Orioles/Athletics: On Sunday, I wrote about how the A’s have significantly overperformed with RISP to this point. Well, they were 1-for-10 yesterday, but still took home a 2-1 decision over the Orioles. They were batting .373 with RISP with a .422 BABIP going into Sunday’s game. They are now batting .258 with a .305 BABIP. That’s the thing about early-season sample sizes – they can change very quickly. This still isn’t a very good team and we’ll find fade spots, but their numbers with RISP corrected in the blink of an eye.
Rays/Cubs: The Cubs did their part against Josh Fleming, but Justin Steele was unable to keep the Tampa offense at bay, splitting yesterday’s picks. One random note – Matt Wisler got five outs as the opener for the Rays yesterday on 18 pitches and every single one of them was a slider. The Cubs still look dangerous against lefties, but Steele’s bad outing hurt that bet. Maybe the play was the over, but it’s hard with what we know about the baseball and cold weather thus far.
Weather: Winds are blowing in for the games in Colorado and Detroit, with big breezes out to LF at Wrigley Field. Both Drew Rasmussen and Marcus Stroman tilt towards the ground ball side, with Stroman one of the league’s leaders pretty regularly. That’s why we’re only seeing a 9 on that total.
Injuries: Check out our Injury Report right here at VSiN. Also, my friend @MLBDream on Twitter put together a great MLB beat writer list to follow.
COVID is definitely a thing around MLB right now. The Guardians put Cal Quantrill, Owen Miller and Anthony Santos on the COVID list this morning. With the extra roster spots through May 2, this isn’t just roster manipulation. MLB isn’t testing, so players are self-reporting symptoms.
The Red Sox now have both catchers on the COVID list. Teams will put unvaccinated players on the COVID list throughout the season to manipulate the roster for games in Toronto, but with the Blue Jays on the road, that is not the case right now, outside of what Oakland did last weekend.
Phillies (-110, 11) at Rockies: Colorado has won six games as a plus-money underdog to this point, as they’ve been the best team in baseball to back, but they are a slight dog again today. The total has fallen from 11.5 to 11 with Zach Eflin and German Marquez as the listed starters. Balls aren’t carrying. Home runs are down. I just think most high totals will be bet down right now and this one applies.
Braves at Dodgers (-125, 8.5): The Braves have taken a bit of money here with a 10-cent line move or so against the Dodgers. It’ll be Charlie Morton and Tony Gonsolin. The Dodgers have only given up 31 runs in 11 games, but this is the second day in a row we’ve seen Atlanta investment with a relatively short favorite number. Yesterday’s made sense with Fried on the bump. I’m less understanding about this one.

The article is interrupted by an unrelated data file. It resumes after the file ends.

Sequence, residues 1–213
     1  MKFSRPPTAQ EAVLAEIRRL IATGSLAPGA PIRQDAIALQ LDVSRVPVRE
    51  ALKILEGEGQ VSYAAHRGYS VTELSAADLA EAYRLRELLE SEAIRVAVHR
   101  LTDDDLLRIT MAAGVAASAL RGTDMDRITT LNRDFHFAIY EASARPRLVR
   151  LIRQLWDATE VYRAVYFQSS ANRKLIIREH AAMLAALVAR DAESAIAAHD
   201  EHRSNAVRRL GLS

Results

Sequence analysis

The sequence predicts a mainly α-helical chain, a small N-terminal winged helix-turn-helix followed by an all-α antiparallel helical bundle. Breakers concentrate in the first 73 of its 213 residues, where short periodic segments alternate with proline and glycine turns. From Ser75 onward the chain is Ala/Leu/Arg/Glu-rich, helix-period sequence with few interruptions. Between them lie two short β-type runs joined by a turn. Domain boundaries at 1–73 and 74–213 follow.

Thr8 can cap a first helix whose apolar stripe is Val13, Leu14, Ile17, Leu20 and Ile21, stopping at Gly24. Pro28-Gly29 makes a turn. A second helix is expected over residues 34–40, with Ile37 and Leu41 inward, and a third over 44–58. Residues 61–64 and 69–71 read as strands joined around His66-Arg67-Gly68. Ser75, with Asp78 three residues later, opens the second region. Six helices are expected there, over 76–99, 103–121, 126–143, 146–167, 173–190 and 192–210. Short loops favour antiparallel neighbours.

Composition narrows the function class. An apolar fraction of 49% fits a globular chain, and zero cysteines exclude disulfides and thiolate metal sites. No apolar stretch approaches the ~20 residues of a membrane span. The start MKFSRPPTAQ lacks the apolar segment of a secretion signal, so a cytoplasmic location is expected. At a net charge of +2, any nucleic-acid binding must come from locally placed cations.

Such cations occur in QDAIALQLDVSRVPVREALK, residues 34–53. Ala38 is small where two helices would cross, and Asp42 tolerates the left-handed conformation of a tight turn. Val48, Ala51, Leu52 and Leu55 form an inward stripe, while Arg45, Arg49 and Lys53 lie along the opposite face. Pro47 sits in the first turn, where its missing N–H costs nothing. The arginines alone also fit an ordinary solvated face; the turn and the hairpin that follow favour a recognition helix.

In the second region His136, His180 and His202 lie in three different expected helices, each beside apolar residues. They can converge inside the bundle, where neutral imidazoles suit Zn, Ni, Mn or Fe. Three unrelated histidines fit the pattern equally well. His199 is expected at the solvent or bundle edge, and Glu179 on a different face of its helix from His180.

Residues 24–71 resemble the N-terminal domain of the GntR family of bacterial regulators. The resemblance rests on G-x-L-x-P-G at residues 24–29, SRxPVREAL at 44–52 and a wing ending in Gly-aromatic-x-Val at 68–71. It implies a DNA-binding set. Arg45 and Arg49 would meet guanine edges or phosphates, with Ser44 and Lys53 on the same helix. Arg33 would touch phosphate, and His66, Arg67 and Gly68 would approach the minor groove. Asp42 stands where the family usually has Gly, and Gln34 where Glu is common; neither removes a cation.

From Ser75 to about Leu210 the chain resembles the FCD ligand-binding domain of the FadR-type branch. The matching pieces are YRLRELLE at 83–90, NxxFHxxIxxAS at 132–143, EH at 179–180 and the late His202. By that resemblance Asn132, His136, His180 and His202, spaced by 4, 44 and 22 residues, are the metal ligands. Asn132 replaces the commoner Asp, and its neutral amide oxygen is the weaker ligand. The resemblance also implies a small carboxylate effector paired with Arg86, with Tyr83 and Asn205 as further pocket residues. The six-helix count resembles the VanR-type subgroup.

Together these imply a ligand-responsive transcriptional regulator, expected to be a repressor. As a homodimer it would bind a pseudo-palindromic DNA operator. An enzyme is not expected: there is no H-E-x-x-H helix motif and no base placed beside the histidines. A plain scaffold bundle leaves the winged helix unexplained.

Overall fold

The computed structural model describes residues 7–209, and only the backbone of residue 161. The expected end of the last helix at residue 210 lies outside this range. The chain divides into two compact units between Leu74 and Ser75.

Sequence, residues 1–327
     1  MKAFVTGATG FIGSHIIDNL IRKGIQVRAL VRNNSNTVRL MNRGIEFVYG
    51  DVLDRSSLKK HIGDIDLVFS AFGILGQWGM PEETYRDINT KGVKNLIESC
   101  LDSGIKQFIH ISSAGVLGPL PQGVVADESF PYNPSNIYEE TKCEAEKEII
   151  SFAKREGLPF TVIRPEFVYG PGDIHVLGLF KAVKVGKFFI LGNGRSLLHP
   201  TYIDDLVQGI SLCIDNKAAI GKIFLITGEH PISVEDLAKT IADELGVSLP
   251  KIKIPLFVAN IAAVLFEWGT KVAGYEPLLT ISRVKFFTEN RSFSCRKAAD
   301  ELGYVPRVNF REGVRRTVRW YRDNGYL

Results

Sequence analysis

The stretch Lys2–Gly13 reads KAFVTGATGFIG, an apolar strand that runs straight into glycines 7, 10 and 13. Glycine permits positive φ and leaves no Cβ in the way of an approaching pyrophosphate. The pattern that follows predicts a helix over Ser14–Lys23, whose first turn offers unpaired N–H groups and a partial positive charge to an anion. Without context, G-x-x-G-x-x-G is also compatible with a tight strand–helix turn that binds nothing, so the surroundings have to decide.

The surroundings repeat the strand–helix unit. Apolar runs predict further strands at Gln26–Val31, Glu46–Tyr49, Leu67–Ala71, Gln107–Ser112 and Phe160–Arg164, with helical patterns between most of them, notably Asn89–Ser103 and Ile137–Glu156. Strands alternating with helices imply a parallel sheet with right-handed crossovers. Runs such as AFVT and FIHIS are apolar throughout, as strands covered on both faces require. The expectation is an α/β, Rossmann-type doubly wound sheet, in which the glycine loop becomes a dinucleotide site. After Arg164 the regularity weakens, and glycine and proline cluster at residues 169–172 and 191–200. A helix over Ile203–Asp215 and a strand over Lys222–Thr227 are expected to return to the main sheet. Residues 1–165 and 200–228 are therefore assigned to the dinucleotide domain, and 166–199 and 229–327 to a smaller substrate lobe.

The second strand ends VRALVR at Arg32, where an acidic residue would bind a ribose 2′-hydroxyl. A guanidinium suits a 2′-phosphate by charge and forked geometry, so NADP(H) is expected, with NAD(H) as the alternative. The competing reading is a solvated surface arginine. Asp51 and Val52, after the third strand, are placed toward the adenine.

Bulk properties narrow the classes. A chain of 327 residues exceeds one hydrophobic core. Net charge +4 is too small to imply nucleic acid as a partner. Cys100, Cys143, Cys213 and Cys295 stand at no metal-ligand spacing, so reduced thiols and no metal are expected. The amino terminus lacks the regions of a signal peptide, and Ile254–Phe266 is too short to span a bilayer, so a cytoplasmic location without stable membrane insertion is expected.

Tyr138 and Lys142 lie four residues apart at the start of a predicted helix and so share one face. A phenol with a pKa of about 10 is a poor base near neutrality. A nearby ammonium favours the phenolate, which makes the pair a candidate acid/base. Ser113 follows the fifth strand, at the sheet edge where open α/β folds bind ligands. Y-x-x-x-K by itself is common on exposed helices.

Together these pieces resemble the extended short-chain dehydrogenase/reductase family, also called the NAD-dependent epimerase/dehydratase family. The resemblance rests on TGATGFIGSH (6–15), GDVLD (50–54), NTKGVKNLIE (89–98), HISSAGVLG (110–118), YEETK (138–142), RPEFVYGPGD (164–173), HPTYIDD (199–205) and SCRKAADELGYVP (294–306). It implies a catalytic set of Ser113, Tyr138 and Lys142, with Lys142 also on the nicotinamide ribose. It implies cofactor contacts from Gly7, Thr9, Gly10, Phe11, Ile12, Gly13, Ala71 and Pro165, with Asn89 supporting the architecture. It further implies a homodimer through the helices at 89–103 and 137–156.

Reds at Padres (-190, 8.5): Two things are happening here. The first is that the Reds are simply terrible. The second is that the market is betting against Vladimir Gutierrez again. The modeling crowd must have him graded as one of the worst pitchers in baseball. He’s been bet against in his starts this season and that was a trend last season as well. If you see his name on the card, you may want to bet against him on the overnight line to get a good price and then see what happens.
Cardinals at Marlins (-140, 7.5): I’ve mentioned this already, but it feels like Miami’s Big Three of Sandy Alcantara, Pablo Lopez and Trevor Rogers will take money at home in nearly every start. That’s the case today, as the markets are against Miles Mikolas once again. This is a perfect storm with the desire to back Alcantara and fade Mikolas. It may look like an uncomfortably big number for a Marlins team that can’t hit, but influential bettors trust the pitching at home.
Giants (-120, 6.5) at Mets: Another 6.5 total here in this series. Carlos Rodon is taking the money following two impressive starts to begin his Giants tenure. I’m a big Chris Bassitt guy and am a tad surprised to see the line moving so definitively. If the line keeps running out, I might come back on the Mets, but we’ll see how it progresses.
Angels (-125, 8.5) at Astros: We’ll see if Mike Trout can return to the lineup for the Angels, which would probably push this line back, but the markets are going against Shohei Ohtani here after a rough outing last time. Let me preface this by saying that I am NOT a team vs. pitcher stats guy. The sample sizes aren’t large enough. However, some in the market do believe in them and Ohtani has a 5.92 ERA in six starts against Houston. I do believe those things can drive line moves. I just don’t personally put stock in them because it’s six starts and there’s nothing statistically predictive to them.